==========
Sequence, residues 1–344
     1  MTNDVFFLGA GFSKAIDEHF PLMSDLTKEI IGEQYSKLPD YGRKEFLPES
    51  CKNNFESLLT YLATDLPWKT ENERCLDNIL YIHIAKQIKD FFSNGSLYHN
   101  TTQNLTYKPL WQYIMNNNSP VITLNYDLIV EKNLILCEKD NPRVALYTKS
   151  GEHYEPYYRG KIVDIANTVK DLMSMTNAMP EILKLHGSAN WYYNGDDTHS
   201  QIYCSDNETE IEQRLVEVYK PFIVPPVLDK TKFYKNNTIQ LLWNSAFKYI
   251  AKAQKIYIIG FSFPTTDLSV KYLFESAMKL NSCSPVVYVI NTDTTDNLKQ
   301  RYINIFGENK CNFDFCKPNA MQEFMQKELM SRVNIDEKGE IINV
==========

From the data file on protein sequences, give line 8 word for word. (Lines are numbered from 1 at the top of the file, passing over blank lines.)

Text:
   301  RYINIFGENK CNFDFCKPNA MQEFMQKELM SRVNIDEKGE IINV